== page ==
Ellipse: regulatory reporting and data analytics platform

An integrated regulatory data and analytics platform

Project Ellipse explores how supervision could become insights based and data driven using an integrated regulatory data and analytics platform. If implemented, regulatory authorities, as the ultimate end users of the platform, would be able to digitally extract, query and analyse a large quantity of data from diverse sources. These data could then be relevant to current events in real time and visible via dashboards, informing them of early supervisory actions that may need to be taken.

An overview of Project Ellipse

5 Oct 2021 An integrated regulatory data and analytics platform

Project Ellipse is a proof of concept (POC) launched by the Bank for International Settlements Innovation Hub to explore how supervision could become insights-based and data-driven using an integrated regulatory data and analytics platform.

Project Ellipse is being developed in two phases.

In Phase 1 of the project, the BIS Innovation Hub partnered with the Monetary Authority of Singapore (MAS), the Bank of England (BoE) and the International Swaps and Derivatives Association (ISDA) to explore the concept of cross-border digital regulatory reporting, using a machine executable data model.

Reporting platforms built on common data models offer the possibility that global financial reporting entities can fulfil cross-border reporting obligations using a common input layer. This would reduce compliance burdens placed on those financial institutions to respond to template-based regulatory reporting requests from different supervisory regimes for similar exposures. It would also enable home and host supervisors of these global reporting entities to compare exposures in a more consistent and transparent way.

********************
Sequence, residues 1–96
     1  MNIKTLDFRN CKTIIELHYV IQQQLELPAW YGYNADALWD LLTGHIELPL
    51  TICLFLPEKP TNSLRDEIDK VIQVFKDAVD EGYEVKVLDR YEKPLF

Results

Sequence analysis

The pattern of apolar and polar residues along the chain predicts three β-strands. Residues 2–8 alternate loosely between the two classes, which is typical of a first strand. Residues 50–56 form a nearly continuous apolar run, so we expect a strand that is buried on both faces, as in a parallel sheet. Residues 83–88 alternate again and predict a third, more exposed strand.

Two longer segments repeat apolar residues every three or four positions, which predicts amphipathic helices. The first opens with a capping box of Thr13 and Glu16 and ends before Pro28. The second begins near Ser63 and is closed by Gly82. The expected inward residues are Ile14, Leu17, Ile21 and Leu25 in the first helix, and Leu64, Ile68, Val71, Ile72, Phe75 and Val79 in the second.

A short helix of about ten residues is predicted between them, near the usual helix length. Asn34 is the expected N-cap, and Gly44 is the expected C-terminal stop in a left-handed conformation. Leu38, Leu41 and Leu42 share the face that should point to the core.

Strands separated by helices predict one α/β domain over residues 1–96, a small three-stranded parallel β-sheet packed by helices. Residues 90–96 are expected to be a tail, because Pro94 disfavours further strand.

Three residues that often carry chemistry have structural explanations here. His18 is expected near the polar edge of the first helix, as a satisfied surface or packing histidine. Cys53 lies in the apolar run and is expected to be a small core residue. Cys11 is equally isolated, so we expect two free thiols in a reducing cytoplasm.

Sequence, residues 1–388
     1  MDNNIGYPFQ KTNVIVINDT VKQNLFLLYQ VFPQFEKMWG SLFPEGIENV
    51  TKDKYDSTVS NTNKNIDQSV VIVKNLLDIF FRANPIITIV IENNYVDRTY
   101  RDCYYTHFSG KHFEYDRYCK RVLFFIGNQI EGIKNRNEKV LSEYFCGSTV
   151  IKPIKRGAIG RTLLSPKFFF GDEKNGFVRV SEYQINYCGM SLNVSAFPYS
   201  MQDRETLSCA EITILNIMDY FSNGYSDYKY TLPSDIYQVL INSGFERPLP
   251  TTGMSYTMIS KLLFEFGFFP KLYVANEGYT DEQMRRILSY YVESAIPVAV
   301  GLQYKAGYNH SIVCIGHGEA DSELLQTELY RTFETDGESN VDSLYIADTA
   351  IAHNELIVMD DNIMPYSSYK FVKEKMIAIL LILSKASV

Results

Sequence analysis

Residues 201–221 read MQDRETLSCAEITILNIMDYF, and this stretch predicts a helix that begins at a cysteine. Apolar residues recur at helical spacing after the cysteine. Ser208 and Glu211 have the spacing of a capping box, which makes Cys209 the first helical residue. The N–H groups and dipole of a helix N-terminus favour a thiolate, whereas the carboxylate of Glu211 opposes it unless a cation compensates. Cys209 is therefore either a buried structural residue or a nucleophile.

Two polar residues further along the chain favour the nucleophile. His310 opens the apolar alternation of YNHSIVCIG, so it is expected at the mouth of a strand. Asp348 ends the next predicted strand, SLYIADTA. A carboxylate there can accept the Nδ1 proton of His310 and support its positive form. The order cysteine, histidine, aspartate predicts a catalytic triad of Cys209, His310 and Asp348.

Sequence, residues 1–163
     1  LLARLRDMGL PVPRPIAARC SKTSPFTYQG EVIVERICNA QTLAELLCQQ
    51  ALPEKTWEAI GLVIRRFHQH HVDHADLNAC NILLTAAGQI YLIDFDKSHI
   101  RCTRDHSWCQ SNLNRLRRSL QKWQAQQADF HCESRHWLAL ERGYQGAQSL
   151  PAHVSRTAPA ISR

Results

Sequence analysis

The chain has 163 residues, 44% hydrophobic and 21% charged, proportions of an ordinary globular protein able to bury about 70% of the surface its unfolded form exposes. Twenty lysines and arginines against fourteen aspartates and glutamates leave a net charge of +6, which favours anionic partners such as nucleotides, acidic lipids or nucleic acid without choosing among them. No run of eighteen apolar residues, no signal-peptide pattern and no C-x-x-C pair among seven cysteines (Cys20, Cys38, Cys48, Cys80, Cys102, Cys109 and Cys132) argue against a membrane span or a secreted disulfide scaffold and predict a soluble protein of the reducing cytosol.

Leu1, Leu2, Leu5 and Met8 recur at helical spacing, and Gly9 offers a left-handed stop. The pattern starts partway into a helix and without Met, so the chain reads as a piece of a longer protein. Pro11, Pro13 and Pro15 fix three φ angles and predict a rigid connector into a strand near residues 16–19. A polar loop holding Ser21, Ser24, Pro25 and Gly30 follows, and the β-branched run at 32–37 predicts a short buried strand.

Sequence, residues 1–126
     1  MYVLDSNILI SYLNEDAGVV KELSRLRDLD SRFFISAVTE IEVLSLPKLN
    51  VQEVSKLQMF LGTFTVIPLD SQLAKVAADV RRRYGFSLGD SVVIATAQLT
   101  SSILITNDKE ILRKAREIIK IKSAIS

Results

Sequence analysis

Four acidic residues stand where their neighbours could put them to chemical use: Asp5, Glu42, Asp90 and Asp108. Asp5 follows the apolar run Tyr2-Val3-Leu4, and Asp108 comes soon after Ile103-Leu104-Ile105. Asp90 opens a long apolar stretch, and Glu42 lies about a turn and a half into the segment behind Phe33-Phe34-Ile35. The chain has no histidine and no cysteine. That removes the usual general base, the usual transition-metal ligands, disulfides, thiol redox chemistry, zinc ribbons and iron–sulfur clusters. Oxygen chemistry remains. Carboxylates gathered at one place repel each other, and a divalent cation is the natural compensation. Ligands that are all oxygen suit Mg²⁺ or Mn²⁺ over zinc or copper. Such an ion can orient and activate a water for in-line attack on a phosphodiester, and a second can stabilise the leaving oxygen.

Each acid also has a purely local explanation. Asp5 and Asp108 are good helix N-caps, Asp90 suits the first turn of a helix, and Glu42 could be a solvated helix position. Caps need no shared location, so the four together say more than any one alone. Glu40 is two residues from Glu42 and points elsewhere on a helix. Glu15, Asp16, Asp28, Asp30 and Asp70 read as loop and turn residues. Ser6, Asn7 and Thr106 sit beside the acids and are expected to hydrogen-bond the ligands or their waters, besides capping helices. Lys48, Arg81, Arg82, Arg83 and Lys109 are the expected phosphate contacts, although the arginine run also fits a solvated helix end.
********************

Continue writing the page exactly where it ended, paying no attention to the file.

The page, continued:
To find a common understanding of data collected for regulatory purposes across reporting regimes, the project reviewed reporting requirements for retail mortgages in the UK and Singapore. It then derived a subset of granular data attributes from those requirements and modelled them using ISDA's Common Domain Model (CDM), which is an open-source, standardised, machine-readable and machine-executable model used for over-the-counter (OTC) derivatives, cash securities, securities financing and commodities.

By using the CDM, the PoC demonstrated the feasibility of extending an existing globally applicable derivatives data model to retail mortgages. Executable code generated from the model's definitions enabled the automation of regulatory mortgage data for Singapore and the UK, referencing the same common model.

Phase 1 of our project illustrates the possibilities of this process and the efficiencies gained when adopting machine executable reporting using common data models. It also increases the volume of granular data available to supervisors, which is needed to enable the use of advanced analytics.

You can view our Phase 1 data model, a demonstration and technical documentation.

Building on this use case, Phase 2 will explore the integration of granular data sets with unstructured data, using artificial intelligence (AI) and machine learning (ML) to extract insights from these data sources to highlight correlations between current events and supervisory metrics. Insights extracted from the mined data would be displayed as early warnings for supervisory attention via dashboards.